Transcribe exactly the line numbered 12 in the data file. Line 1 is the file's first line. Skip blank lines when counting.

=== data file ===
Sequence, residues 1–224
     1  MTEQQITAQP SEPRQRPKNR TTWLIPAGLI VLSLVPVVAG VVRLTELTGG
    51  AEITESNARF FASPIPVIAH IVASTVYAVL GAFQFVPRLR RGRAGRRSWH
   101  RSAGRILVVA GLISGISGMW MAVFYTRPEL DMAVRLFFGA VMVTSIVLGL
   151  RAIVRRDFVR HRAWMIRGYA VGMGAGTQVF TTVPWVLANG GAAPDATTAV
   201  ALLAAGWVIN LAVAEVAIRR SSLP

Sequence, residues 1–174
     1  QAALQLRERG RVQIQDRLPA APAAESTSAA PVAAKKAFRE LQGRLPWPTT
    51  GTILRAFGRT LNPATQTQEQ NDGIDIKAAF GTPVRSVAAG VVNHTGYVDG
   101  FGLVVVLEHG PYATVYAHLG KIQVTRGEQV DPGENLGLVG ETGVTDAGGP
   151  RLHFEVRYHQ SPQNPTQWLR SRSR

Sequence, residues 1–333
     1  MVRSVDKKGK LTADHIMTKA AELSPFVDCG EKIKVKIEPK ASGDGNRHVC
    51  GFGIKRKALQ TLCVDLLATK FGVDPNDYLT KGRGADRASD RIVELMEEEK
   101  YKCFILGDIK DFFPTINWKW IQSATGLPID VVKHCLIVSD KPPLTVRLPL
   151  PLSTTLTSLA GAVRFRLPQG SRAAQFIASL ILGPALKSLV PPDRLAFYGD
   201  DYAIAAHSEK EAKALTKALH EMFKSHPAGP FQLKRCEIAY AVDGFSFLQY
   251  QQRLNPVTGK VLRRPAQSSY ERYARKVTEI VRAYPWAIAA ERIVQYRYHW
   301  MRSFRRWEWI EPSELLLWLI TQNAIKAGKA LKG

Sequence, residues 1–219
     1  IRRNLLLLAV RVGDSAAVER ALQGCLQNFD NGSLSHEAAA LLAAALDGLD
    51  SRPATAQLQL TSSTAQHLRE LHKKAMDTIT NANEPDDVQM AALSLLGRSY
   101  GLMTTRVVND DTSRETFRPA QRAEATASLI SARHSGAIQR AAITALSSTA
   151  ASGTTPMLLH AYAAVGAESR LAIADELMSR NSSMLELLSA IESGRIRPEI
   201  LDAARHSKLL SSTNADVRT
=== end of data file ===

Sequence, residues 1–333